We find this authority to be unpersuasive. All these cases ultimately rely on Murray, 722 F.2d at 502, as authority for the "specific, legitimate reasons" legal standard. But Murray addressed an ALJ's decision to reject a treating physician's opinion in favor of an examining physician's opinion. Id. at 501. Accordingly, Murray provides no support for the proposition that an ALJ need only set forth "specific, legitimate reasons" for disregarding an uncontroverted opinion. We also find unpersuasive the Embrey court's attempt to harmonize the two legal standards on the grounds of "ultimate conclusions" and other conclusions. The better view is that the opinions of treating physicians — whether ultimate conclusions of disability or discrete medical findings — are entitled to special weight, and when uncontroverted, may only be rejected for clear and convincing reasons.
The record shows Davis's treating physician, Dr. Umino, concluded that Davis was disabled due to extreme shortness of breath associated with congestive heart failure. No other doctor contradicted this opinion. Neither the examining physician, Dr. Ahluwalia, nor the medical advisor, Dr. Sampson, offered a contradictory opinion. Accordingly, the ALJ was required to set forth clear and convincing reason for rejecting Dr. Umino's opinion.
Dr. Ahluwalia concluded that Davis suffered from obstructive lung disease due to chronic smoking. In our view, Dr. Ahluwalia's conclusion does not contradict Dr. Umino's conclusion that Davis suffered from a disabling shortness of breath due to congestive heart failure. Dr. Ahluwalia did not expressly contradict Dr. Umino's opinion, and the presence of obstructive lung disease does not preclude respiratory problems associated with congestive heart failure.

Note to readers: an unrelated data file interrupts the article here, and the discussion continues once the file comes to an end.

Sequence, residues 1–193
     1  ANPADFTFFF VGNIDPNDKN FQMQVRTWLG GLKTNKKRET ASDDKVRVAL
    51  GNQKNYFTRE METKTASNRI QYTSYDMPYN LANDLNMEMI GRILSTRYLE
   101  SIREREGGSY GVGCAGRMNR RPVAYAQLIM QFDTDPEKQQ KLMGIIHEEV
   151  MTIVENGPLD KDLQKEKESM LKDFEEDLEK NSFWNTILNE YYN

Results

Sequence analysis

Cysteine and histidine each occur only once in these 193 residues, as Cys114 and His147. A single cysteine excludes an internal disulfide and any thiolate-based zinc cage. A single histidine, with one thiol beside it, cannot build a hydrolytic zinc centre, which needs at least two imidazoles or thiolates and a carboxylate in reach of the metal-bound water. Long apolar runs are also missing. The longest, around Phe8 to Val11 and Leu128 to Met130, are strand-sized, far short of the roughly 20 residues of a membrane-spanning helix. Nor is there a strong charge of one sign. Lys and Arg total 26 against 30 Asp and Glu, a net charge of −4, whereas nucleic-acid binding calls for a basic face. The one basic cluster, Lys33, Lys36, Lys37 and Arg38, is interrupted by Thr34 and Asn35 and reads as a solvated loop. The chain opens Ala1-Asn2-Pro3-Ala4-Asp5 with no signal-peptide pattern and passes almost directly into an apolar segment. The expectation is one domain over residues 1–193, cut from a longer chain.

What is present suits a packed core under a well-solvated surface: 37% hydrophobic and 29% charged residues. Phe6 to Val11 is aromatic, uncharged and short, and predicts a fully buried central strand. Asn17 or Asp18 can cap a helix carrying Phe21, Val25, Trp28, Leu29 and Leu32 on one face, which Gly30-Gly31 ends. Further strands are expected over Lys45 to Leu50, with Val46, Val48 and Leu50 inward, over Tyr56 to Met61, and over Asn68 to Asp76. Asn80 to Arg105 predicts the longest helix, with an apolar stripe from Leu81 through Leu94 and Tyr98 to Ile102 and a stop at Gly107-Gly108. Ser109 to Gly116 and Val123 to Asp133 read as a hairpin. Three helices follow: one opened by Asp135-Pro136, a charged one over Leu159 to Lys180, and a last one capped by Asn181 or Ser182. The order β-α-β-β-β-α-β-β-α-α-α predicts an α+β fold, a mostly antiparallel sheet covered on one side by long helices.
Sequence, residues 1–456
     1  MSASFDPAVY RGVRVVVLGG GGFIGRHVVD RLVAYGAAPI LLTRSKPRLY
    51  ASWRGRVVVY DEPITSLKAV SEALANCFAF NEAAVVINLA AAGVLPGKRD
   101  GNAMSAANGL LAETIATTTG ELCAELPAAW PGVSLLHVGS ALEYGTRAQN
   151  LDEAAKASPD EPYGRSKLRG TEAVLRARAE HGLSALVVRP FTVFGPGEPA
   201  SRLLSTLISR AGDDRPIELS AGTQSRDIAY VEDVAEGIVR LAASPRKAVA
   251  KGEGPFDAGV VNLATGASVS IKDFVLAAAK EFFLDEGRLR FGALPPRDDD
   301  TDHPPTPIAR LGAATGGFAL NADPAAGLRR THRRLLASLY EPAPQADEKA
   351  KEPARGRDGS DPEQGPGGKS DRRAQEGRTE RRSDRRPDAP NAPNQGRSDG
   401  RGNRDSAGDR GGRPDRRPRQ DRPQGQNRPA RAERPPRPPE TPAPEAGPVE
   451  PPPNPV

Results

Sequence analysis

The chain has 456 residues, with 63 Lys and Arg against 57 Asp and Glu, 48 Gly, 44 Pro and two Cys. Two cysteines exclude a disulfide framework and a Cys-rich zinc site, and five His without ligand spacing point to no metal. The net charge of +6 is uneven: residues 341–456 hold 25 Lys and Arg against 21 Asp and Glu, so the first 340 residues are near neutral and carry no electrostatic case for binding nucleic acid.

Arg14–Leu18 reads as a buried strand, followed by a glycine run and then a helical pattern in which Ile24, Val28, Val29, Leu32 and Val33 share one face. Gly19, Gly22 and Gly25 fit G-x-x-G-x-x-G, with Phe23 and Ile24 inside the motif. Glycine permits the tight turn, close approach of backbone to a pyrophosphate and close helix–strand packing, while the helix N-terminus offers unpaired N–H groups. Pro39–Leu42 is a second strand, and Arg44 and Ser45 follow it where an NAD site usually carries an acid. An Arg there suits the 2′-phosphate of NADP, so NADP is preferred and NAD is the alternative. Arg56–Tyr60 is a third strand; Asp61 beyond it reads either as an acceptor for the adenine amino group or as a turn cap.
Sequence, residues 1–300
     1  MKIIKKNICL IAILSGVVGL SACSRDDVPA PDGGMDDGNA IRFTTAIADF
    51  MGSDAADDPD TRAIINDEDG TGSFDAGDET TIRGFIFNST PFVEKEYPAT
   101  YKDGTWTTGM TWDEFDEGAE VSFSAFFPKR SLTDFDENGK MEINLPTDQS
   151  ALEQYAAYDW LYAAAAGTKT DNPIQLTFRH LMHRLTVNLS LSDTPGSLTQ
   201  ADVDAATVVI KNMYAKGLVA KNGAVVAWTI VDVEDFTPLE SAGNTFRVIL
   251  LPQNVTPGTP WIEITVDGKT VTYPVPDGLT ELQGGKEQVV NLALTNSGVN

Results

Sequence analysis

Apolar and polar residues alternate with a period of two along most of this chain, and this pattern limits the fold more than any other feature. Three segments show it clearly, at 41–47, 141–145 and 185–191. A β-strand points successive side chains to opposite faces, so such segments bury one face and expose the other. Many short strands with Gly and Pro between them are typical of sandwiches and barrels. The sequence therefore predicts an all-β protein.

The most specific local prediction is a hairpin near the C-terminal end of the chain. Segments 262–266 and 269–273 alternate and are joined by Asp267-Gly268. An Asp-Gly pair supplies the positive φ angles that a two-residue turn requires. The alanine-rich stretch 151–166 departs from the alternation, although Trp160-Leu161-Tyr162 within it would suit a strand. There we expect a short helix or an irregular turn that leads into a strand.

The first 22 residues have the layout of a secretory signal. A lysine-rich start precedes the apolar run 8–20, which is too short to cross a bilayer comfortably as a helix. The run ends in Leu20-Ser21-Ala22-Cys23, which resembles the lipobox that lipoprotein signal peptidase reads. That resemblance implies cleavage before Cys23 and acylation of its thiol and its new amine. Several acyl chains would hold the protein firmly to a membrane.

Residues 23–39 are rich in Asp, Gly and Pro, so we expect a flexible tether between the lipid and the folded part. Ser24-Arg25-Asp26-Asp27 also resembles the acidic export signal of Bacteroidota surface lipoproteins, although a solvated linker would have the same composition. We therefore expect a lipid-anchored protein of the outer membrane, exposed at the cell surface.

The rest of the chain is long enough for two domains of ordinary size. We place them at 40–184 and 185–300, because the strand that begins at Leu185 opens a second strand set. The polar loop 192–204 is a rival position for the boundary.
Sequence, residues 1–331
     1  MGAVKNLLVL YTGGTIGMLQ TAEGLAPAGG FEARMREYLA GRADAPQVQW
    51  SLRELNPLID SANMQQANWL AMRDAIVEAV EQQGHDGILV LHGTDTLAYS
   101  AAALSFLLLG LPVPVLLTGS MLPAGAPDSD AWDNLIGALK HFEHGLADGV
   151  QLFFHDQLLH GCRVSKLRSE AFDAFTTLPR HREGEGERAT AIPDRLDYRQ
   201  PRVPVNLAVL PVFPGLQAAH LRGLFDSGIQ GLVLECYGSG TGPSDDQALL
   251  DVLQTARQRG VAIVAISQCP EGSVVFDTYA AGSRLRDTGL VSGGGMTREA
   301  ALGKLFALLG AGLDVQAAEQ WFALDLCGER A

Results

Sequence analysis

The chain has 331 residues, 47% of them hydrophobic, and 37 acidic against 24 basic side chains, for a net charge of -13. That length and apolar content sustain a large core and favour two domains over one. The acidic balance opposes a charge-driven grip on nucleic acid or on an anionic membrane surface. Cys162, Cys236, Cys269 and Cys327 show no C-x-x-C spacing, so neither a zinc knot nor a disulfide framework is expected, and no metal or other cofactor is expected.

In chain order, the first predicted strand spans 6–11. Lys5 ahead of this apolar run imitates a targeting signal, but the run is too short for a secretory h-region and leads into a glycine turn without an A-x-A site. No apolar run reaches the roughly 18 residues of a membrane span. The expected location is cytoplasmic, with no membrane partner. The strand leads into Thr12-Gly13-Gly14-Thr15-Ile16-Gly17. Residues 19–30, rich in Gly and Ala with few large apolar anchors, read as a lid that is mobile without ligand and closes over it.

The ALJ disregarded Dr. Umino's opinion primarily based on the ALJ's determination that a disabling shortness of breath was not indicated by the objective medical evidence. He stated the following specific reasons for disregarding the opinion; the congestive heart failure first diagnosed on December 30, 1981 was "mild"; an electrocardiogram on the same date suggested a temporary sinus tachycardia; she showed marked improvement within six days; treatment notes indicated continued improvement; medication appeared to control her condition; during an emergency room visit in August 1982, while claimant complained of difficulty in breathing, she demonstrated only a "few wheezes," showed no signs of pedal edema (ankle swelling associated with congestive heart failure) and her electrocardiogram showed no acute abnormalities; a medical exam dated December 8, 1983 revealed she was not then in congestive heart failure. The ALJ additionally stated that claimant reported being able to cook, clean on a weekly basis, go shopping twice a week, drive, and go for short walks — activities which the ALJ deemed inconsistent with a severe disability.
The ALJ's rejection of Dr. Umino's opinion due to a lack of supporting objective medical evidence is inherently flawed. Dr. Umino's opinion rests on substantial medical evidence. The diagnostic tests taken in December 1981 and January 1982 showed sinus tachycardia, ST-T wave changes, and an enlarged heart. Even in the opinion of the ALJ's medical advisor, these test results indicated "acute myocardial failure" and "severe" heart disease. And even though the objective evidence does not directly indicate a respiratory problem, the congestive heart failure demonstrated by the tests is a condition which could reasonably produce the reported symptom of shortness of breath. See Ferguson v. Schweiker, 765 F.2d 31, 37 (3d Cir. 1985); see also Kellough v. Heckler, 785 F.2d 1147, 1153 (4th Cir. 1986).